Thursday, April 13, 2017

The U.S. Military Intervention in Panama: Origins, Planning, and Crisis Management, June 1987-December 1989

Prior to Operation JUST CAUSE, the December 1989 U.S. intervention in Panama, American leaders had struggled for over two years with the increasingly difficult regime of General Manuel Antonio Noriega. At the time, the Panama Canal was still under U.S. administration with the U.S. Southern Command, based at Quarry Heights, charged with its security. Led by General Frederick Woerner and seconded by Maj. Gen. Bernard Loeffke, the command's Army component commander, American military leaders weathered a series of low-grade crises during 1988-1989, slowly culminating in a growing military confrontation with Noriega's army, militia, and police forces. Detailed in Larry Yates' study are the contingency plans, rules of engagement, and a host of varied operations-security patrols, guard duty, training exercises, shows of force, and police actions-and even the occasional firefight, all of which characterized this trying period.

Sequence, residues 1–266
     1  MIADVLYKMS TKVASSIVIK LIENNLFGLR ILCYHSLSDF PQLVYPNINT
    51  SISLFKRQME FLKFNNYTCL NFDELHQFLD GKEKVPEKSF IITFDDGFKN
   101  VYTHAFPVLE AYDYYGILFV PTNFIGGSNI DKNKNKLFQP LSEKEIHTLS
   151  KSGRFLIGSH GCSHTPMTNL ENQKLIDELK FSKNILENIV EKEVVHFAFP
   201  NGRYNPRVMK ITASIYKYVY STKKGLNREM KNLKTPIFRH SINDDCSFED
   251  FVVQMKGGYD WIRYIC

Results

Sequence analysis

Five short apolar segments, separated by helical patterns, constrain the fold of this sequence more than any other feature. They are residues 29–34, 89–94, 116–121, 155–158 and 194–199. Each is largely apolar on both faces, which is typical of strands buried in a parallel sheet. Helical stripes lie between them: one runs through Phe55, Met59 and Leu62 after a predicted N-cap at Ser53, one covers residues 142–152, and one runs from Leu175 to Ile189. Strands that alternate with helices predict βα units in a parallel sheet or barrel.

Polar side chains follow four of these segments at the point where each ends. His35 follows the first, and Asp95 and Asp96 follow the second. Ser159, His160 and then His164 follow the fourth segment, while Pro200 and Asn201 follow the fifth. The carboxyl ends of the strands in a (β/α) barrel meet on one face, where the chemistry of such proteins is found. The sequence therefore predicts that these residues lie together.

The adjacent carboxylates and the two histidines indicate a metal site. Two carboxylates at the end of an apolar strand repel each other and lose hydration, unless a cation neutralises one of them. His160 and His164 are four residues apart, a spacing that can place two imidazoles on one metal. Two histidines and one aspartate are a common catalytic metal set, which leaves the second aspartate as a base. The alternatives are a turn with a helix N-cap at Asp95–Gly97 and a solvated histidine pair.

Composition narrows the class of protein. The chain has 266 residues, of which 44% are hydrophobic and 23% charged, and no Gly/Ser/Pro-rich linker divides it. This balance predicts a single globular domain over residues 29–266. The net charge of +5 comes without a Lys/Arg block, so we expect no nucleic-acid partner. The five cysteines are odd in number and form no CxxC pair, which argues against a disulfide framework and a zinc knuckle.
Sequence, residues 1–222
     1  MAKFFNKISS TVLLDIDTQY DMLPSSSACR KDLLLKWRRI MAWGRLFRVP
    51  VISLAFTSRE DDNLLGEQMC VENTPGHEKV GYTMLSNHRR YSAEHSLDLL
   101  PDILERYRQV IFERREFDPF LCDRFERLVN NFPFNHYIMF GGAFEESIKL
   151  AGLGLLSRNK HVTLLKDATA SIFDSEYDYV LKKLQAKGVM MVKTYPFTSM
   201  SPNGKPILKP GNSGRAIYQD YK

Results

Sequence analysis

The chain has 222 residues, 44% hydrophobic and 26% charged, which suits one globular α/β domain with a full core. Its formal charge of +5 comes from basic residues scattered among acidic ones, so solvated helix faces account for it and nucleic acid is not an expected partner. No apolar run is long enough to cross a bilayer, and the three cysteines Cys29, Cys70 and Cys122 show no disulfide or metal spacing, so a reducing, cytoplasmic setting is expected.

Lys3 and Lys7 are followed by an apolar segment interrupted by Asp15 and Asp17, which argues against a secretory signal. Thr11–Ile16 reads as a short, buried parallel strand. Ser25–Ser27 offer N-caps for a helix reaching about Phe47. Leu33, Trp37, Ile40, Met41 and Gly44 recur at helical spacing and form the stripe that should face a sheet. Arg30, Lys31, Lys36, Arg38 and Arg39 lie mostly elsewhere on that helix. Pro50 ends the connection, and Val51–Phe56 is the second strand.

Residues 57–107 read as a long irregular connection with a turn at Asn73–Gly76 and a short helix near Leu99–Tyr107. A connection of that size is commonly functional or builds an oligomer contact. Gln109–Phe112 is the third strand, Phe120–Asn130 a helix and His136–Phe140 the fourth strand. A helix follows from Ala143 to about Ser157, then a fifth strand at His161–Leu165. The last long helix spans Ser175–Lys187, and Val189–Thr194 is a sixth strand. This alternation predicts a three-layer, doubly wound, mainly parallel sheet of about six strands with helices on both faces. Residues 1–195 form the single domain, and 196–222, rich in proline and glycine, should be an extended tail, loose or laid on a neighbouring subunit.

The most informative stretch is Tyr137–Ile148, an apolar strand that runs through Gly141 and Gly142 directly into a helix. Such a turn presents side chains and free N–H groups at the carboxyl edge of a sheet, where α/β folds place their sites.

But this history is much more than a precursor to JUST CAUSE. Its true value lies in its careful examination of the complex relationships between a U.S. combatant command, one of the four American global military headquarters, and the command's Washington, D.C., superiors, including Joint Chiefs of Staff Chairman Admiral William Crowe, Army Chief of Staff General Carl Vuono, Defense Secretary Richard Cheney, and President George H. W. Bush. Indeed, the able Woerner and his staff often found themselves walking a tightrope between a variety of ill-defined administration policies whose long-range goals were difficult to fathom and the exigencies of a steadily worsening local situation. The result is a rich mix of timeless experiences and insights especially attuned to the contingency fare so common in the post-Cold War era.

Purchase at Amazon                                                                   Purchase at eStore